Dust collector systems, like every product, have gone through technological upgrades and innovative changes to make them more valuable to the customer by eliminating more dust and particulates from the air.
The Benefits of Dust Collector Pulse Valves
Michael Russo, Product Marketing Manager, Dust Collector Systems | Emerson
Dusty environments in industries such as concrete, metalworking, mining, steel mills, grain, agriculture and feed are particularly susceptible to costly damage and downtime due to particulates getting into machines. Dusty air is also a hazard to workers’ health. Particularly, food and beverage industries, whether for humans or animals, must fight powder dust in the air. Many of these industries use specific equipment for handling, storage and drying operations. Plus, the cereal, protein powder and starch product industries are increasingly incorporating aggressive antibacterial chemicals meant to help eliminate the risk of contamination of food that is in contact with these machines — but these chemicals may also be damaging to equipment over time.
Pulse valves are often used in dust collector systems for the grain, agriculture and feed production industries.
Mining is another key industry that relies on dust collector systems.
It is easy to see why the industries mentioned above would use a dust collector system. However, consider other industries that may not have much powder in the air but produce a large volume of particulates, such as automotive factories, chemical producers and power plants. Frequently removing dust and particulates from the air of these automated applications requires the use of specific equipment that is resistant to a variety of materials including aggressive agents.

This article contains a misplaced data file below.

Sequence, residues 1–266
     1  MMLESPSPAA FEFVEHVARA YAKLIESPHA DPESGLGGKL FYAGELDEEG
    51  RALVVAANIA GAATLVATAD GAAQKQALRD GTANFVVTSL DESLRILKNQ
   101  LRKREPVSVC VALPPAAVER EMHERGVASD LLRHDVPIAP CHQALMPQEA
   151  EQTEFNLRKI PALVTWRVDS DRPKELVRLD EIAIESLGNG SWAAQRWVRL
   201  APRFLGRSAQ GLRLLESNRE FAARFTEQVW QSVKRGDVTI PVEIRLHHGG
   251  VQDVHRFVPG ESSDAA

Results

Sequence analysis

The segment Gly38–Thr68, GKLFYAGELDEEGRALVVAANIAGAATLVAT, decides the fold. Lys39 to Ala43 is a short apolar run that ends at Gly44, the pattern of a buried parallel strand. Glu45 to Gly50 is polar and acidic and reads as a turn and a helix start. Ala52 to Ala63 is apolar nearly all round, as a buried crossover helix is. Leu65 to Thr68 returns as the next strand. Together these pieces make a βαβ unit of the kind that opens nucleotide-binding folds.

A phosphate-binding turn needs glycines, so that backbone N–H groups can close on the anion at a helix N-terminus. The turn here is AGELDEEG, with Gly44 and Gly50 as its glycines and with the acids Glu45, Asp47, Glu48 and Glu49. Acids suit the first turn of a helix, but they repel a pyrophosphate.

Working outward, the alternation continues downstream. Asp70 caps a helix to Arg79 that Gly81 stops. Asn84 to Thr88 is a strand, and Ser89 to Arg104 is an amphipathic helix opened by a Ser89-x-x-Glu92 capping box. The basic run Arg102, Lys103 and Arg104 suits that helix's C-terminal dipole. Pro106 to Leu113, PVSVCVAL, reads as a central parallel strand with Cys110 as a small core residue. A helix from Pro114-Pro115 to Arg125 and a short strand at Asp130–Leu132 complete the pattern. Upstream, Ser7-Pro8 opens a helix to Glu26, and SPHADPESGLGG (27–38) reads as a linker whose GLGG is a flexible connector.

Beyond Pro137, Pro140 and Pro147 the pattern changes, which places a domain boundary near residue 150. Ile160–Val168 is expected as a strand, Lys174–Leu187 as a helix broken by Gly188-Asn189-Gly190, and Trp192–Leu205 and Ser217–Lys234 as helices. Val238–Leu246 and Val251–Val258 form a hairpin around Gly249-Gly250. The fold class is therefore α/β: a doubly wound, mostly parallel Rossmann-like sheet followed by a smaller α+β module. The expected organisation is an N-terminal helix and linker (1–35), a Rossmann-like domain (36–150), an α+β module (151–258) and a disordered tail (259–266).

All this being said, it is imperative that these companies incorporate highly efficient dust collector systems to eliminate or reduce as many of these maintenance concerns as possible. Pulse valves are used to clean bag-type or cartridge-type filters in a dust collector system. These valves send a high-energy pulse of air through the blow tube creating a shock wave down the filters to remove dust. Higher air acceleration and quicker valve response time helps clean filter bags better and consume less compressed air, thereby lowering the cost of system operation.
Pulse valves are used to clean bag-type or cartridge-type filters in a dust collector system.
Ideally, pulse valves should provide a high peak pressure blast of air, not only to achieve more effective dust collection filter bag cleaning but also to extend filter life. Insufficient peak pressure and slow valve response time result in poor filter cleaning and wasted compressed air — an expensive consumable and a key element in market differentiation.
Pulse Valve Design
Examples of pulse valves (ASCO™ Series 353)
When considering pulse valve characteristics, key attributes sought by OEMs, engineers, purchasing managers and end-users alike include robust performance, reliability and ease of use. Today’s more popular pulse valves on the market offer users a simplified design that helps to maximize valve performance, translating into longer system uptimes. These valves are specifically developed for filter cleaning of dust collectors and baghouses in reverse pulse jet systems. Those applications require high peak pressure, high flow rates, long life and extremely fast valve opening and closing for effective filter cleaning while minimizing compressed air waste. Some pulse valves are specified to provide a long operating life with over one million cycles.